- ArticleDir - this completes the path generation that resolves the article and is the directory within the Group where the article files are stored. If this article is part of a series, I'll simply place a number at the end so that it can be linked to previous and future articles of the same ArticleDir name
- Author - pretty self-explanatory, I hope. Again, this is only what you see for the Featured Article pages themselves.
- ArticleID - in this instance, used to link the article to the forums for feedback discussion threads
- DownloadFile - this only exists if there is source code or a demo that comes with the article
Step eight - Uploading the article (half-way done - whoo hoo!)
I mentioned earlier that there is no longer direct access to the server. Nowadays instead of FTP'ing in to create a directory and upload the files to it, I simply zip them up, select the Category (which matches the ArticleGroup), plug in the Name (which matches the ArticleDir), browse for the file, designate it as an article upload, and press the Upload button. While I miss the freedom of FTP, I do like this way better, although if it fails for some reason then I have to rush to Tech Support (a.k.a. superpig). That's hardly often thankfully.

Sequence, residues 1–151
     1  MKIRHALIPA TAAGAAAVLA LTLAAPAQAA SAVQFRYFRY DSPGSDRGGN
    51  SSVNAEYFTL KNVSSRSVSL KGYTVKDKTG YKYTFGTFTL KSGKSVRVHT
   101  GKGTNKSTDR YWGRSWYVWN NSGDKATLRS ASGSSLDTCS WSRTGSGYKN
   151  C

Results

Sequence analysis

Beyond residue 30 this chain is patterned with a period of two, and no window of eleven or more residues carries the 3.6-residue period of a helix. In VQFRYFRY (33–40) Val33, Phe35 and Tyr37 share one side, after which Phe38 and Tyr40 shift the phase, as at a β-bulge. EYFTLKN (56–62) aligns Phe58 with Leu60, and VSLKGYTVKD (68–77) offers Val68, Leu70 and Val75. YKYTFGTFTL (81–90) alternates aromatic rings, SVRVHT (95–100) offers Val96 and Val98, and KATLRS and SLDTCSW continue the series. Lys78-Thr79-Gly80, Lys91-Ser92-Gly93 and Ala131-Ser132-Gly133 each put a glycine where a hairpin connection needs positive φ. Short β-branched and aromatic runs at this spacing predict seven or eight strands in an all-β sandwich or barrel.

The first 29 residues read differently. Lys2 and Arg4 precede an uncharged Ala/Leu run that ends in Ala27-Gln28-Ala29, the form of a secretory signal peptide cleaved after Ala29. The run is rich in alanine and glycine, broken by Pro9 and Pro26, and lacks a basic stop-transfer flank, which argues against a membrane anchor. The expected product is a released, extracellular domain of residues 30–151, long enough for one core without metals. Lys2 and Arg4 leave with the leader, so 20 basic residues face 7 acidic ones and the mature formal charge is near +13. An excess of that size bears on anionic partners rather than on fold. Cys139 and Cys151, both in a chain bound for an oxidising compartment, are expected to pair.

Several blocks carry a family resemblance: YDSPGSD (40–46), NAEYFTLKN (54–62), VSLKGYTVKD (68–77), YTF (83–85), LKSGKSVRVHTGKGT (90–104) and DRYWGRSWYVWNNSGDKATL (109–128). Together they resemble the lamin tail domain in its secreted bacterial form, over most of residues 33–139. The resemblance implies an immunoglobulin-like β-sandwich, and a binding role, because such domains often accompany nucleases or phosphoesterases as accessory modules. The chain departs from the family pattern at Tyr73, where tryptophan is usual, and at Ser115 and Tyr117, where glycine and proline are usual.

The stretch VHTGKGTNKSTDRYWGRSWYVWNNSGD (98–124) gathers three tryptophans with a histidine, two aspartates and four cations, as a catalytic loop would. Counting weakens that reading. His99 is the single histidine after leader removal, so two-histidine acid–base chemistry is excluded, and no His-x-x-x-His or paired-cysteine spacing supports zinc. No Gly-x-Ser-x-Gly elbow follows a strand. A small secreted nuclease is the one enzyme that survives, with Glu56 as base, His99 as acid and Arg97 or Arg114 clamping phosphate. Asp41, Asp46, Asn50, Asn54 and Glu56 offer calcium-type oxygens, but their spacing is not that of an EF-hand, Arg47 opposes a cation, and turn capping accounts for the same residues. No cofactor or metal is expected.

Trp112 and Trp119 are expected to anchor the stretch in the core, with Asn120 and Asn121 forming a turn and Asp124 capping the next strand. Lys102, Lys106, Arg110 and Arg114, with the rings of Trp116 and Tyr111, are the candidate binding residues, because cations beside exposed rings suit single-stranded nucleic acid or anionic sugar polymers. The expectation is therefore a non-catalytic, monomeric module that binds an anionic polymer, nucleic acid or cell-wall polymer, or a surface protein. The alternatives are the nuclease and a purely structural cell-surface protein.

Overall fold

Step nine - Checking the article formatting
Things are moving along quickly again as I page through all the sections and check to make sure I didn't miss any closing tags, screwed up some table formatting, etc. I always catch a few minor things that I have to go back into the Notepad2 document to fix, but it's a simple re-upload that overwrites the existing files and a quick page refresh to check the changes. I still have no images uploaded at this point, because it makes the pages load faster and keeps all the text close together for a faster check through.